Flemming Rasmussen And Metallica: Master Of ..Producers

Flemming is a Danish producer from Copenhagen, class 58. His reputation is nowadays unquestionably legendary.

Ultimate Guitar

The book of contemporary rock music has had many authors, since the first scratches in the 1960s by Chuck Berry and the Beatles. Certainly in the past decades a band like Metallica has been writing a few crucial chapters of it, and their soon to come next work, in partnership with other pivotal writer Lou Reed, could become another important one. Someone could recall the 2009 appearance of Mr Reed and the band at the Madison Square garden. There was then enough time to play "mary jane", and give the world a taste of what we could hear in few days, after the issue of Lulu.

In that lucky period I had the chance to meet Metallica's much acclaimed producer Fleming Rasmussen. He was just back from Cleveland, where he'd been a special guest at the induction ceremony at the House Of Blues, where Metallica were inducted into the Rock And Roll Hall Of Fame in March 2009.

Flemming is a Danish producer from Copenhagen, class 58. His reputation is nowadays unquestionably legendary. He started some years ago as a sound engineer and producer of many renowned rock bands, such as Rainbow, Blind Guardian or Morbid Angles. However the real tale begins when, back to early 80s, four guys from the Bay Area choseto record their second studio-album in Europe. An emerging metal band named Metallica. A bunch of records followed: "Ride", "Master" and "Justice". There is no need to mentionmore titles: the majority of rock guitarists have spent half of their teenage years learning the riffs recorded at the Danish Sweet Silence Studios.

I had the pleasure to hook up with Flemming in Berlin for a talk. Flemming likes Berlin and its music scene quite a lot. It's an honor for us to have him in town.

UG: How was it being in Cleveland at the Rock 'n' Roll of Fame ceremony? I noticed the Master of Puppets giant cover, right there on stage..

Flemming: It was amazing. Metallica, invited 150 people who had been important for their career, and have been working for them for the last 25 years, to be part of the Rock and Roll Hall of Fame. I flew directly from Denmark together with Ken Anthony(Lars' heavy metal mentor and lead singer from Switchblade). The location was the famous House of Blues, rented for the special occasion. There was a private party, then the induction ceremony the following day, where the band played, it was so great being there.

You are not new to music awards, there was a Grammy few years ago, right?

Yes exactly, I got a Grammy Award in 1989 for the "...and Justice for All " album, recorded in the summer of 1988, in Copenhagen.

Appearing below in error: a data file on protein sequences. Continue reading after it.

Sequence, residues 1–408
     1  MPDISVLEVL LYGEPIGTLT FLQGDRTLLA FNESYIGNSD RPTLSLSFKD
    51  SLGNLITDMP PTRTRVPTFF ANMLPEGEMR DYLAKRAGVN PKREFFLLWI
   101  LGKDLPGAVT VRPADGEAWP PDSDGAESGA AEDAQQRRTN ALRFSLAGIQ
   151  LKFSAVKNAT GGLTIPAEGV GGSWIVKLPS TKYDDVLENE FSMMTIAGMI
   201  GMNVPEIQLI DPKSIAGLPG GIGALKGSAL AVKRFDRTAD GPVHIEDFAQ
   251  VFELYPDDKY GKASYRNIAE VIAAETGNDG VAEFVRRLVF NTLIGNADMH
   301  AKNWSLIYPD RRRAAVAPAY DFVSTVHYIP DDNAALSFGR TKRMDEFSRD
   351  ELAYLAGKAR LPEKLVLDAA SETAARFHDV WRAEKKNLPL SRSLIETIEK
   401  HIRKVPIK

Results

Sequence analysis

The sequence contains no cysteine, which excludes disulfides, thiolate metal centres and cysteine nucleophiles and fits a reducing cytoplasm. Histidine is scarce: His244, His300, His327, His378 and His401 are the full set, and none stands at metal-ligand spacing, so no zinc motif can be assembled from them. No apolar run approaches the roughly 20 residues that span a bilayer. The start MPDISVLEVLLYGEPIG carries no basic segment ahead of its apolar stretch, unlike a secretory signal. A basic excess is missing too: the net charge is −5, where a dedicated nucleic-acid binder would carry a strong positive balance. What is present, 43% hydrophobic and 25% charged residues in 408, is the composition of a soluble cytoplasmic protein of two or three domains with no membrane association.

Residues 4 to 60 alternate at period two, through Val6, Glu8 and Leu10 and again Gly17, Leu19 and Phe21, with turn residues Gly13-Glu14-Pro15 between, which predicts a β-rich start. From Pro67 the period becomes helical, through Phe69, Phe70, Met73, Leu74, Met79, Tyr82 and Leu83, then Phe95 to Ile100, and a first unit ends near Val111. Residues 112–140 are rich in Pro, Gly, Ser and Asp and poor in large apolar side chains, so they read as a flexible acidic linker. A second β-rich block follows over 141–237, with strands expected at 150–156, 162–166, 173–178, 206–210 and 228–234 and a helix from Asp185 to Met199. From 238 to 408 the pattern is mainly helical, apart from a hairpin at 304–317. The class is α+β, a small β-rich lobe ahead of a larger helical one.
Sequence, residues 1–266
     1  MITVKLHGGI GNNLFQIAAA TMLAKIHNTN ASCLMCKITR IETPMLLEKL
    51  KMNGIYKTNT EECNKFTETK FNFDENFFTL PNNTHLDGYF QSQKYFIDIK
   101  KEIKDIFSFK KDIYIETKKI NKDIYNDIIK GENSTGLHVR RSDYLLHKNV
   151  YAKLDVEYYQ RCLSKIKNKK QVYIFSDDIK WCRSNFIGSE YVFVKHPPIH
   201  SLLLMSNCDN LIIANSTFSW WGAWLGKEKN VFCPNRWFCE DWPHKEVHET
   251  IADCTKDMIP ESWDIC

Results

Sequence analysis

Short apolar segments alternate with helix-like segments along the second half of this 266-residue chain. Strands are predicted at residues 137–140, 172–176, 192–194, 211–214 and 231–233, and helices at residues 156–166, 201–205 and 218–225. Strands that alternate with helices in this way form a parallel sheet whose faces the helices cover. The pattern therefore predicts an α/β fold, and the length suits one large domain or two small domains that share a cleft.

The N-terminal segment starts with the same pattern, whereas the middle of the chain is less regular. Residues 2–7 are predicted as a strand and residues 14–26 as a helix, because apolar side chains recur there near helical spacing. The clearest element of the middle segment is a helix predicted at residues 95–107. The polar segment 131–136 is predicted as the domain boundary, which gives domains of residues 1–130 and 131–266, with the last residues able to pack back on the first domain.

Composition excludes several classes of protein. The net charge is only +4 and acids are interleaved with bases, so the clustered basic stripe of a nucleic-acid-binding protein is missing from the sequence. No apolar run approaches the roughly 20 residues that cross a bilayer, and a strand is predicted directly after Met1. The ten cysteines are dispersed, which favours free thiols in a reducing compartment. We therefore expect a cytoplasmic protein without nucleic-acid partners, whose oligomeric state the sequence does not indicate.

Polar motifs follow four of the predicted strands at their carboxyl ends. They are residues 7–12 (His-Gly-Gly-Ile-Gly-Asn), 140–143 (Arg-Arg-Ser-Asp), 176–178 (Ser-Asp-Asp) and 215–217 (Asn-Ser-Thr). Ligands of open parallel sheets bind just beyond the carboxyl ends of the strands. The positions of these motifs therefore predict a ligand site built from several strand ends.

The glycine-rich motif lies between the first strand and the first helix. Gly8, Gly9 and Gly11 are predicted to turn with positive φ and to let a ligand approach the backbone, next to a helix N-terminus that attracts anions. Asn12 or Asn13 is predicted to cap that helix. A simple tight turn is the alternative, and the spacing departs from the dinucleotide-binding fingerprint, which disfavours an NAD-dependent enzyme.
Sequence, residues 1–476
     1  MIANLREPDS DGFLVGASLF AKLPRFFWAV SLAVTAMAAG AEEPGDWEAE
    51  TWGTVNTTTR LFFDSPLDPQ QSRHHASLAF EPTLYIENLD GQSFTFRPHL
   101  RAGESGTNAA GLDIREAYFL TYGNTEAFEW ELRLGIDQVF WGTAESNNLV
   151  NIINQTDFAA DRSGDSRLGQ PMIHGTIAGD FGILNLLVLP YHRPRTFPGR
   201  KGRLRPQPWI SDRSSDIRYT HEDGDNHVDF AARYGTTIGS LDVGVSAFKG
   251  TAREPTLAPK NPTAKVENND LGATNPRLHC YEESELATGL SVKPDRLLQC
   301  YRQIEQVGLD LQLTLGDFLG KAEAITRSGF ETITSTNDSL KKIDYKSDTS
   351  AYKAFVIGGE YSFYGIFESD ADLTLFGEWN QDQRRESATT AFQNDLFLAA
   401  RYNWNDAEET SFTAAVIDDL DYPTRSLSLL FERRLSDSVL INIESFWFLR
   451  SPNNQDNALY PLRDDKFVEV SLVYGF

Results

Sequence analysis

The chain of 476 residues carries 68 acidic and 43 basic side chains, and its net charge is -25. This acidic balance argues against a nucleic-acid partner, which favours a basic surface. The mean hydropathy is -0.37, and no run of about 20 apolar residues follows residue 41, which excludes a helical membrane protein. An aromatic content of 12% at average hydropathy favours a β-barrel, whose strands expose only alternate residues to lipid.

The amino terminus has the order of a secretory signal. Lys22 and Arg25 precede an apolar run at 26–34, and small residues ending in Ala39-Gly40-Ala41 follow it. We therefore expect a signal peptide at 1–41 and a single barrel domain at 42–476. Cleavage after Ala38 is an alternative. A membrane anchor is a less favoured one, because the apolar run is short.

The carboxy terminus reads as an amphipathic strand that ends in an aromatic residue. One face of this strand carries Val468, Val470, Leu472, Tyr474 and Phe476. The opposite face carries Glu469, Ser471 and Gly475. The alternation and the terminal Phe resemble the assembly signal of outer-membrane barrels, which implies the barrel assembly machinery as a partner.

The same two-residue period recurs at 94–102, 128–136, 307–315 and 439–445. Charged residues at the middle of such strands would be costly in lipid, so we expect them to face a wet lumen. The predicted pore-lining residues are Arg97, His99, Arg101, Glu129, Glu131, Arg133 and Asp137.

I was wondering how you and Metallica initially made contact with each-other?

I worked on an album with Richie Blackmore's Rainbow, "Difficult to Cure". Metallica had their first record out "Kill 'em All". They wanted to try out something different and record in Europe. The dollar at that time was so strong that they thought they could spend more time in a studio based in Europe than they could do in the U.S. They decided to call me up, to ask if I was interested. I did not know them at all, I did not know who they were at that time.

Particularly at the beginning of their career, not many people trusted them..

In the studio, the people who came from a jazz background were a bit skeptical. I listened to their previous stuff and I thought it was the best thing I had ever heard. I was definitely impressed by the energy and I loved the power and the attitude in their tracks, not much to add. I thought to myself, "what the hell.. these guys are great". We started then to work on "Ride the Lightning" album, released in 1984.

Now..we can say that you were right ..and lots of people grew up listening to that guitar sound, which amps did they like to use?

Just before "Ride", during "Kill 'em All", James was really satisfied with his guitar sound, he modified his Marshall amp. Unfortunately that was stolen then he wasn't able to get the sound that he wanted. We decided to call up every metal band in Denmark in order to try out every Marshall that was in available at that time. He tried them all out and chose what he liked the most. Then, a few years later, Metallica's guitar sound shifted gradually from the Marshall to the Mesa boogie amps in the end of the 80s. I personally liked the Marshall more.

How was the studio time with them?